Thursday, 29 November 2018

Hadron: Product descriptions, specifications and the most common question: "How does it sound?".

A manufacturer must offer product information and I would like to do this in the following context.

As perfectly natural as it is to request information and specifications it is difficult to provide, it in a useful way, for several reasons.

The first reason is that audio manufacturer specifications are uncontrolled publications with no independent oversight agency. People can literally say whatever they like about their product. The result is that specifications have simply become a boasting platform of commercial interest, and little else, with no common language or regulation. What a manufacturer means by 20hz to 20,000hz frequency response has little relation to what a collective consciousness understands it as. To enter into this arena is compromising at best.

Much of what we are looking for in audio is not described in specifications.

As a result, it is understandable that, specifications are often misunderstood.

In this context here is the following information about the Hadron Loudspeaker.

The Hadron has several interesting design features.

Drivers are high efficiency, mixing what is considered vintage technology, like low Xmax, fabric surrounds, curvilinear paper cones, field coils, etc... with newer technology like Mylar, Beryllium, and more recent horn expansions such as JMLC.

The bass driver breaks the 100dB barrier at 101dB efficiency, with field coil magnet, exponential, curvilinear paper cone and textile surround. It has an Xmax of 4mm and a moving mass of 18g. 

The compression driver in its horn is 115db efficient attenuated with nickel core transformer. It features copper clad, aluminium, edge wound, ribbon voice coil, copper faraday stabilised magnetic field and Beryllium diaphragm with Mylar surround. It has an extended response to 25,000hz.

The JMLC horns are individually designed with the cabinet to align the specific drivers physically in the time domain.

Acoustic centres of the drivers are located within the crossover frequency wavelength distance.

These two elements combine to provide point source presentation with minimised acoustic lobing.

Cabinets are modelled with golden section curvatures providing even proportions and cancelations of rear waves. Surfaces are amorphous to randomise, cancel and reduce reflections of medium and high frequency levels. They are constructed from selected coniferous woods which are laminated and then milled from a single block. They are finished with resin which has appropriate resonance characteristics as well as an attractive appearance.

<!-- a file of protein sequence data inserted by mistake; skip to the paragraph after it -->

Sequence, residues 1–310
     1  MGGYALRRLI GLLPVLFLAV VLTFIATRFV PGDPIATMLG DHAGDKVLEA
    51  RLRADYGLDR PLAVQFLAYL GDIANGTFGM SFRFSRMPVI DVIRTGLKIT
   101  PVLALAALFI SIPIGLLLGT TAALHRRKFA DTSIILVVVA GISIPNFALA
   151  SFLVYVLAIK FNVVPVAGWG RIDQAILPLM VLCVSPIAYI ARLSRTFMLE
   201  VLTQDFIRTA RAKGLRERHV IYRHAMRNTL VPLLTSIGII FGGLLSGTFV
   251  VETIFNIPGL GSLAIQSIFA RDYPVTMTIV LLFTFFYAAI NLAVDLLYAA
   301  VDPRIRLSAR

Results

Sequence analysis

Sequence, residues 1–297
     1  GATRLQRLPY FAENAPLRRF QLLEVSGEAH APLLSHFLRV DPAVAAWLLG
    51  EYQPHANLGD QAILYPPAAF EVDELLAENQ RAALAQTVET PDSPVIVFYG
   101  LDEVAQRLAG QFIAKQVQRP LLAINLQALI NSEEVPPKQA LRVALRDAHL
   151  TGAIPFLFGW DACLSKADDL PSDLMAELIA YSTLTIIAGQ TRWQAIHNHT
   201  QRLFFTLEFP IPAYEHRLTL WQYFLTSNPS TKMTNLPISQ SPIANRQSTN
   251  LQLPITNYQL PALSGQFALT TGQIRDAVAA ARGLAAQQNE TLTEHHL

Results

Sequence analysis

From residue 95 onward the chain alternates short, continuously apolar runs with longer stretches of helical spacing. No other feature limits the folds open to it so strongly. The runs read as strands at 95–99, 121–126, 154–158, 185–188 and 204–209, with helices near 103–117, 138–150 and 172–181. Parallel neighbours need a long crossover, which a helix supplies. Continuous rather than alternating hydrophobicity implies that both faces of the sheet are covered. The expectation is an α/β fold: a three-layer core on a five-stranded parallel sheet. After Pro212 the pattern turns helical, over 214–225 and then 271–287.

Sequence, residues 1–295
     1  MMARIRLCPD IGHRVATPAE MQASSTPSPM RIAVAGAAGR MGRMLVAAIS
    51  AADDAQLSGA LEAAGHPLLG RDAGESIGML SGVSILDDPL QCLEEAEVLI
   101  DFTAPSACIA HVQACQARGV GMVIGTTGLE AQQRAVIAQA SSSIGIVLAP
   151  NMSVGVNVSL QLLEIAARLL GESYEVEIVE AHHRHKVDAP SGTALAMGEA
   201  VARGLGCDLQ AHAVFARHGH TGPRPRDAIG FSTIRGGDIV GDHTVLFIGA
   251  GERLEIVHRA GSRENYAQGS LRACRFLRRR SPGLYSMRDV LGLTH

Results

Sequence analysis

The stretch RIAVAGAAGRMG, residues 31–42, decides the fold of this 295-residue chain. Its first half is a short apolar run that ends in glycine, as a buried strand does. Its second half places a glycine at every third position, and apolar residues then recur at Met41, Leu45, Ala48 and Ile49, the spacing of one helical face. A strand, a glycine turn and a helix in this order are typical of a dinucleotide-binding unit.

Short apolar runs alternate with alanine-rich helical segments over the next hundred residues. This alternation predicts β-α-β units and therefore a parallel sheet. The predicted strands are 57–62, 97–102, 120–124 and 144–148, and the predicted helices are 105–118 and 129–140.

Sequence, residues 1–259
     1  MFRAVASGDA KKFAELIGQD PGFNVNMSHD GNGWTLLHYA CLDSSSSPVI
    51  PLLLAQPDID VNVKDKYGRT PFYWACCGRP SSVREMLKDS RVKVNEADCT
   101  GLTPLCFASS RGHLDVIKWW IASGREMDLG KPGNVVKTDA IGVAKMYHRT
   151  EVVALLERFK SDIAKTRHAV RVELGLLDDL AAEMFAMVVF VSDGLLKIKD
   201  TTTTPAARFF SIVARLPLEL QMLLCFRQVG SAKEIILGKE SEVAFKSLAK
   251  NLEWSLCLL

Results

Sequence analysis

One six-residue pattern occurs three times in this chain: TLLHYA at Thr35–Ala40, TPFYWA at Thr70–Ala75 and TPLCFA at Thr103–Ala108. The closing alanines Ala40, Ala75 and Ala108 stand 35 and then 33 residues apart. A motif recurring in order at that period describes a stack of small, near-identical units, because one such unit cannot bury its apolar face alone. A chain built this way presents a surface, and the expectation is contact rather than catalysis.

The rear wave, reflex alignment is a critical element. There are many, many variations. The Hadron's alignment has been derived from the vintage genre which allows the driver to maintain its speed with a more generous volume and port size than is commonly used today. 

Crossovers are the product of reductive design and overbuild philosophy. Countless steps are taken in modelling, proving, measuring and listening for performance before being distilled, element by element to be made as simple as possible. Component size and quality are then selected to grossly exceed requirements for lowered losses and robust reliability. Crossover point is near 950hz.

Room response will vary depending on room and placement. It is not unreasonable to expect 40hz and below in an average sized room. We also offer an additional small sized, open baffle bass system which matches in speed and triode amplifier character with response flat to 20hz with 15hz at -3db. Few find the need for this augmentation.

"How does it sound?" 
The response is reasonably flat and overall distortions are low. There are nice waterfall, and transient response plots. However the real intention is have music after the modelling and measurements are done. The ear is still given priority to ensure the music remains intact at each stage. 

When asked about drivers the inclination is to reply: "Is it the string or the Stradivarius which makes the sound?" 

When asked how much distortion, the reply: "How much would you like?" comes to mind.

In the end it is about the human adeptness, care and attention which goes into each loudspeaker. In a familiar restaurant it is easy to know who is, or is not, in the kitchen when the plate is set on the table. In much the same way it is identifiable when a manufacture lives up to this claim or does not. The proof, as they say, is in the pudding. The rest, in my humble opinion, is essentially smoke.

The Hadron Loudspeaker

Hear it for yourself.

Please email us to book an appointment, further information or to place an order.

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